6

We know that are many lines which White can choose which are very drawish at 2700+ level. Drawing is easy to a very good chess player such as Carlsen, who knows dozens of forced draw lines. When I say “drawish,” it means a very drawish opening like the Catalan or the Exchange Slav. I'm not even sure you can win as Black if your opponent just goes into the Catalan and try to trade all the dangerous pieces. The idea behind it is simply to pick a line where best play from the computer results in a position where the position is a simplified endgame OR a repetition.

Just over half of GM games end in draws. Why do chess players assume that Stockfish can easily beat Magnus Carlsen?

Do rating differences even matter in certain opening lines when the statistics tells us that openings (or positions) have very high draw rates?

18

They can't. Engines are absurdly strong relative to humans these days, and Stockfish should be fully expected to beat top human GMs 10-0 without much trouble. In fact, they already have - and that's in spite of Komodo being several hundred elo weaker than Stockfish. Book lines with high draw rates don't matter: either the engine avoids it, or they play it and win anyway because when the human inevitably makes a mistake, the computer capitalizes.

Caveats:

  • The engine needs to be properly configured. Stockfish comes with a "contempt" setting that needs to be turned up. This makes the program avoid quick draws.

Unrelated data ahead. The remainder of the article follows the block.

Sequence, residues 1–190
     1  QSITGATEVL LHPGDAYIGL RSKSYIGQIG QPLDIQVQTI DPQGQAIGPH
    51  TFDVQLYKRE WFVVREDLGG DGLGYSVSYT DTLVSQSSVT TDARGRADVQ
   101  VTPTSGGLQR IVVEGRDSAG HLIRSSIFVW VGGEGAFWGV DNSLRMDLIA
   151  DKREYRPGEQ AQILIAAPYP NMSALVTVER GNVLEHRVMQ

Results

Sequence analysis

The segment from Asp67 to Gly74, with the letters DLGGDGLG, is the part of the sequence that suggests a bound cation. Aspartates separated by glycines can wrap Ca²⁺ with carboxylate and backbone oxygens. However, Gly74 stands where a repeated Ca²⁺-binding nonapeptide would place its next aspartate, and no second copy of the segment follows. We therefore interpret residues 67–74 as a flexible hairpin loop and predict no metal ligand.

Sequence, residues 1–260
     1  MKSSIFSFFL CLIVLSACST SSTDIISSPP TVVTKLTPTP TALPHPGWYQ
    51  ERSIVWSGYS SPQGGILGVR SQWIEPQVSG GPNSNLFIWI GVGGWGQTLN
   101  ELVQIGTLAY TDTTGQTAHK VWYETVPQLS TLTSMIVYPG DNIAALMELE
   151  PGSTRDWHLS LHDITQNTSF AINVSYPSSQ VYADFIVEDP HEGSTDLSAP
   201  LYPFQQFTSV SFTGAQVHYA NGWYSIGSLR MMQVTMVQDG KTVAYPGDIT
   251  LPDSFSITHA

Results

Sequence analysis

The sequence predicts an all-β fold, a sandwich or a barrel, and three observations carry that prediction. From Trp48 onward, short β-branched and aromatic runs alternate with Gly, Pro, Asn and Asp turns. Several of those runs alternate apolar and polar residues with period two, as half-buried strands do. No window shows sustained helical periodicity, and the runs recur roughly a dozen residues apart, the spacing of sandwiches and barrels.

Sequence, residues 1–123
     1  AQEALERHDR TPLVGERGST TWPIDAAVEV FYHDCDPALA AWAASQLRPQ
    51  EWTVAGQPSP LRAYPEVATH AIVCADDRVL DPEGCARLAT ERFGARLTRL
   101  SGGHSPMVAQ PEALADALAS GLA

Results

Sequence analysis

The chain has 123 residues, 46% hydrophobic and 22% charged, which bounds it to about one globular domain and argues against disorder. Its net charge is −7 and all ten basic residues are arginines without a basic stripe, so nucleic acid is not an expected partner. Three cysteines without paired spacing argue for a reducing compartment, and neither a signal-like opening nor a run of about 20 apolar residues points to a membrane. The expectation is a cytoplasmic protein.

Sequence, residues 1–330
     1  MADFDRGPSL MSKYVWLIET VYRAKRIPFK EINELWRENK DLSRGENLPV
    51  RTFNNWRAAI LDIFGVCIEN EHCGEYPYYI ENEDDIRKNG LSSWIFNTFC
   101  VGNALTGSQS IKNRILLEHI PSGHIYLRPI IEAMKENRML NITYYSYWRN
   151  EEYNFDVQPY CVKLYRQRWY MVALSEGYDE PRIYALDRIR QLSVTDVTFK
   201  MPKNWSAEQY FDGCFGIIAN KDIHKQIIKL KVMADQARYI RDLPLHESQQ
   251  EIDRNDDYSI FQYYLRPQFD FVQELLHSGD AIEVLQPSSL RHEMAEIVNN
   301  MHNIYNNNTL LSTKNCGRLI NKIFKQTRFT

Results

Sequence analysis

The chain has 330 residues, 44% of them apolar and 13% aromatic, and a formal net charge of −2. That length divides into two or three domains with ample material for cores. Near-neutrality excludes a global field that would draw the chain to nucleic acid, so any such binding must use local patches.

• The other top engine right now, Leela, does not have a contempt setting. This means humans can indeed score draws against it (this was against AlphaZero, which is similar to Leela and probably weaker than the latest versions). However: humans still cannot beat Leela/AlphaZero.
  • The engine needs to run on reasonably strong hardware. These days engines will beat humans even on modest hardware, but if you try very very modest hardware such that the engine only manages to search a few thousand positions per second, humans might still win.

Edit: for the strategy you suggested, this was what happened when GM Michael Adams tried it against Hydra in 2005. Link to game if you want to see the moves.

Game four was another bitter pill for the human player. Adams, who had the white pieces, did everything he could to draw: exchange pieces to reduce material, simplifying in every way he could. By move 19 he had traded down to rooks and a bishop on either side; by move 27 each side had two rooks and five pawns; and at move 33 it was rook plus three pawns each. This one had to be a draw, but unfortunately the giant machine would have none of it and ground him down for a third victory in this match.

Hydra is, of course, very very inferior to the latest versions of Stockfish, and will probably lose a 100-game match by something approaching 0-100.

  • Note in addition that both Leela and SF have improved a ton since those samples. – pulsar512b Oct 27 '20 at 6:16
  • For the record, Adams actually drew Hydra with white in game 2 – im_so_meta_even_this_acronym Oct 27 '20 at 22:48
  • 1
    @im_so_meta_even_this_acronym worth pointing out though, game 2 was a clever save by Adams in a losing position. – Allure Oct 27 '20 at 23:34
  • Interesting, I didn't know that. Thanks for pointing that out! :) – im_so_meta_even_this_acronym Oct 28 '20 at 0:31

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